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Mail and RDF

Warning: The content of this article may be out of date. It was imported from and last updated in 1999.

Mozilla Mail exposes many of it's data structures to RDF through a few datasources. This allows exposure of mailnews-specific data to user interface using RDF Templates.

You should learn about RDF before reading this document or you will be hopelessly confused.

Overview of Mail RDF graph

The root resource for all accounts, folders and messages is the RDF Resource named msgaccounts:/. From this resource, you can follow a number of arcs to find servers, folders, and finally messages. Eventually we'll probably hang mail filters, annotations, etc, off of nodes in the graph. Here is an example of how this might be set up:

In this tree-style representation of an RDF graph, I've made arcs italic and resources bold.

    +-- -->
    |     imap://
    |   +-- --> "true"
    |   +-- -->
    |         imap://
    |       +-- --> "4"
    |       +-- --> "false"
    |       +-- -->
    |       |     imap_message://
    |       +-- -->
    |       |     imap_message://
    |       +-- -->
    |       |     imap_message://
    |       +-- -->
    |             imap_message://
    |       etc...
    +-- -->
    |     mailbox://
    |   +-- --> "true"
    |   +-- -->
    |         mailbox://
    |       +-- --> "2"
    |       +-- --> "false"
    |       +-- -->
    |       |     mailbox_message://
    |       +-- -->
    |             mailbox_message://
    |       etc...

There are of course many more properties that are exposed via RDF, but this should give you a feel for it.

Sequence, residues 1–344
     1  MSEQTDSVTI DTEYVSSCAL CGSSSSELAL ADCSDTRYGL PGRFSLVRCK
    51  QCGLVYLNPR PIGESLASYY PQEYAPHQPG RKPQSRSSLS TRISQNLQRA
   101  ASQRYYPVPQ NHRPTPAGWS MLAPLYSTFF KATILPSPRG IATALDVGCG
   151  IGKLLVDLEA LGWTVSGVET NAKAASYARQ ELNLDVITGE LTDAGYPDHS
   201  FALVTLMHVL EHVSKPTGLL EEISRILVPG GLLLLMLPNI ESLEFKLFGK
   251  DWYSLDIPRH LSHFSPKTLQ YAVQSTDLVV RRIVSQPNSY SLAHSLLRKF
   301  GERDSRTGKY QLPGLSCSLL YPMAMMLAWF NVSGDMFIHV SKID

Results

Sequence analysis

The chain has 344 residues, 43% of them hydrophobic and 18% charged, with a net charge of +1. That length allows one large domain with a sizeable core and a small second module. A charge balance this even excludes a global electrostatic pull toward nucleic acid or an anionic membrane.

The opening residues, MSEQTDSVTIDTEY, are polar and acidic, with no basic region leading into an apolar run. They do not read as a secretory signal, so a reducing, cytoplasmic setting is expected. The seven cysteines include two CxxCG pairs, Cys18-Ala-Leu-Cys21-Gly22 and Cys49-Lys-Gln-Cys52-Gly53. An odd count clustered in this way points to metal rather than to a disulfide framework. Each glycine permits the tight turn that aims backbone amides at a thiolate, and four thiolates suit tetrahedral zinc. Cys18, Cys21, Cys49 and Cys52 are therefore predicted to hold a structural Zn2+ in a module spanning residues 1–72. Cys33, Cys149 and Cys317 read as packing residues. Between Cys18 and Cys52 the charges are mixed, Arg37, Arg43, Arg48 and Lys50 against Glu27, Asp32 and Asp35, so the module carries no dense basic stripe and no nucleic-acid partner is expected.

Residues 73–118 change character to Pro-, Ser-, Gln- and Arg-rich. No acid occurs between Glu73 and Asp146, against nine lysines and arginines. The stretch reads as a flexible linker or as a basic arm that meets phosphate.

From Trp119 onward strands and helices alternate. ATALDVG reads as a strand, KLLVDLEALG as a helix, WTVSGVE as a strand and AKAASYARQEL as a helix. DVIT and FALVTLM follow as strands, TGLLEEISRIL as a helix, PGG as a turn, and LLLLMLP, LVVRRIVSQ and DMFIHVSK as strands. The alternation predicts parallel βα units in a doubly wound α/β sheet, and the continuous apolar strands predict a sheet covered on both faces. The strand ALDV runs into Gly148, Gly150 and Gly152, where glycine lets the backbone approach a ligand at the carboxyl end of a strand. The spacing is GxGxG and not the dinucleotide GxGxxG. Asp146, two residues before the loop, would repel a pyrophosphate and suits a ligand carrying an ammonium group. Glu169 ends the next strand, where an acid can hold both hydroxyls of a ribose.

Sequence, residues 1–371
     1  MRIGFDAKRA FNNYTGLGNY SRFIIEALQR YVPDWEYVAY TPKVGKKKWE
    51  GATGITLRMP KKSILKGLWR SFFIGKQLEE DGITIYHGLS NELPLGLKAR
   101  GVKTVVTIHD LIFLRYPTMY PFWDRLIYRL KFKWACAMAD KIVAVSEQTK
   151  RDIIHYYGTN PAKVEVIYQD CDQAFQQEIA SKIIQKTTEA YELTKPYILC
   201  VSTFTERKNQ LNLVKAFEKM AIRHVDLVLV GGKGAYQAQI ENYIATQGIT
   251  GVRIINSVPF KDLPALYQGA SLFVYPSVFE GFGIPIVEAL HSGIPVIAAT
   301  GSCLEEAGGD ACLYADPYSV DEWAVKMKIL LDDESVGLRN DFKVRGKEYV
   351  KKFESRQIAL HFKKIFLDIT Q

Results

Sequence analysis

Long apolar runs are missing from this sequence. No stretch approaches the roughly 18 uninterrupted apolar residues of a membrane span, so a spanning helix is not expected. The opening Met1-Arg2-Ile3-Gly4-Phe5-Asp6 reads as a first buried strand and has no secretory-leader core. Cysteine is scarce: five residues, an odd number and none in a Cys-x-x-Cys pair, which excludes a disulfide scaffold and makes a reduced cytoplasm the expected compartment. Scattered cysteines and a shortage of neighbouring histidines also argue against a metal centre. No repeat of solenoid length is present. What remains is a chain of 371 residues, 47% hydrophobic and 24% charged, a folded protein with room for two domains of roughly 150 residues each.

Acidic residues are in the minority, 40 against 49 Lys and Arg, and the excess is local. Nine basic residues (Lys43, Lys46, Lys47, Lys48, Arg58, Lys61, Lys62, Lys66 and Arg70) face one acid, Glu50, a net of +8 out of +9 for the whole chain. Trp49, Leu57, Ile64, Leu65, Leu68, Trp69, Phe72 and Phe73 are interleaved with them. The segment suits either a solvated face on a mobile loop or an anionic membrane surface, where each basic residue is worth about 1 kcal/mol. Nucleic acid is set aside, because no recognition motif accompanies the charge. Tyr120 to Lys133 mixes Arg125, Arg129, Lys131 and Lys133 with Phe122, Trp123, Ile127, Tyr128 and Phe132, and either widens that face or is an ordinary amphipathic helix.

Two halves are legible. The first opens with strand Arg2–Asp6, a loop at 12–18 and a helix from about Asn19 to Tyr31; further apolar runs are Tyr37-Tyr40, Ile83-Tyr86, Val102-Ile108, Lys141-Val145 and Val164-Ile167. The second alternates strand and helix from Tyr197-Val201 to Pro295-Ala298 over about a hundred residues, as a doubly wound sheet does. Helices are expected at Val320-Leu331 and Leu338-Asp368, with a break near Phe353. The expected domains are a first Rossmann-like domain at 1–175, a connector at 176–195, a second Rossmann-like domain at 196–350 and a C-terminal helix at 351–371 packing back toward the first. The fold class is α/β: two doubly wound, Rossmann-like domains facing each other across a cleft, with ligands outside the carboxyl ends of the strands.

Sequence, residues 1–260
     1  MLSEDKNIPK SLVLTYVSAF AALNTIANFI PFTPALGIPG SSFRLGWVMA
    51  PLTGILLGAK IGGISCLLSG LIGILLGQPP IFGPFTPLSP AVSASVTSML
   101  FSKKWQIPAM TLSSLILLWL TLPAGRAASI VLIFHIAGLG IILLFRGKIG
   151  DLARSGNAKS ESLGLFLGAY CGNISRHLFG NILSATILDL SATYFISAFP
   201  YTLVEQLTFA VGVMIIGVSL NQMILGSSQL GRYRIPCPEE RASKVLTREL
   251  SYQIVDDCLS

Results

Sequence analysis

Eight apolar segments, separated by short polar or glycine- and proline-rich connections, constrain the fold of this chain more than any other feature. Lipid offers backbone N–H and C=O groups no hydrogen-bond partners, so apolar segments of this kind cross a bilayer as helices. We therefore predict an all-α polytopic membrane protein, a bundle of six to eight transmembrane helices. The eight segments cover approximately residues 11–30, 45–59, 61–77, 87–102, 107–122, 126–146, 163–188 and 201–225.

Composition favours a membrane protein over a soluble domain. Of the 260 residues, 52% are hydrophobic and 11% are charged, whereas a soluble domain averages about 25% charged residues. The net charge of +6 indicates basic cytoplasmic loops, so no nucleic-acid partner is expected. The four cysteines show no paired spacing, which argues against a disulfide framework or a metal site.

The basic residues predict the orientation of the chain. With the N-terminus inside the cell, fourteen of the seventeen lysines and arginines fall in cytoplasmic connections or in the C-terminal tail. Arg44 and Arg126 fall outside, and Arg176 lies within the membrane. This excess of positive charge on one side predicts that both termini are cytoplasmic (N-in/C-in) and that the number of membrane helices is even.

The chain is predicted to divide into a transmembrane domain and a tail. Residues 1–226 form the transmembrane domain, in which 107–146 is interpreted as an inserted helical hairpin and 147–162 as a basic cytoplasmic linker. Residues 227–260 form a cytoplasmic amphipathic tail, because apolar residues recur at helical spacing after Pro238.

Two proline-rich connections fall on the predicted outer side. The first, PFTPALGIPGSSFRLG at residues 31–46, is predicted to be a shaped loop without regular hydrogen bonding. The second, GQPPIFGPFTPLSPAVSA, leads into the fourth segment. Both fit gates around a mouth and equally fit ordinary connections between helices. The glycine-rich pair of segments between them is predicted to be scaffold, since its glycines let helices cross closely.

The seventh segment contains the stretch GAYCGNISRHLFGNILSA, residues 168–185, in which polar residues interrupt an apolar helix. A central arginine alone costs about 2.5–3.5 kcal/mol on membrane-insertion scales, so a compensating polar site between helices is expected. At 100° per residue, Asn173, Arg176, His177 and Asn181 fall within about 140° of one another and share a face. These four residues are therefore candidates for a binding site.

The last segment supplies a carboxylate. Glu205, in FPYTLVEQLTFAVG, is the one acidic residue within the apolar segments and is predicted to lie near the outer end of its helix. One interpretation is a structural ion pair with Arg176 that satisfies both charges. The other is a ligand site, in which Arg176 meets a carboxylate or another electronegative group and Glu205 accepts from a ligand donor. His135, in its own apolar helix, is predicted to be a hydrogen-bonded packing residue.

We have a few primary datasources used in mail:

  • nsMsgAccountDataSource - answers queries about arcs coming out of msgaccounts:/. If you ask it for #child nodes out of msgaccounts:/, it returns the root URIs of all servers in the account manager. Note that it does not actually know anything about the servers who's URIs it returns.
  • nsMsgFolderDataSource - answer queries about any mail folders, including toplevel server folders. If asked about a folder along the #child arc, it will return resources for all subfolders in that folder. If asked about a folder along the #MessageChild arc, it will return resources for all messages in a folder. It also answers queries about various properties of folders such as the total number of messages, whether or not this folder is actually a root server, and so forth.
  • nsMsgMessageDataSource - answers queries about messages in folders. All RDF properties of a message currently come from the database that backs the containing folder.

Datasources and the UI

Mail does not link the UI to datasources in a "traditional" manner.

Instead of having a singleton datasource that is shared across all UI components, we have per-view datasources. This allows each template-based widget to maintain view/window-specific data with each datasource. For example...??? (sorting? what else do we store?)

Datasources are created when each window's JavaScript is loaded by declaring the datasource variables in the source javascript as global variables. In the document's onload= handler the datasources are attached to their respective widgets by setting the database property on each RDF template's parent element.

Reflecting data to RDF

In order to have a dynamic UI that updates when the underlying content changes, a datasource must implement two key methods of reflecting data into RDF.

  • Answering queries: When RDF asks for information about a resource, datasources answer with the results of the query.
  • Asynchronously notifying RDF when the data itself changes, RDF needs to be notified.

The details

Answering Queries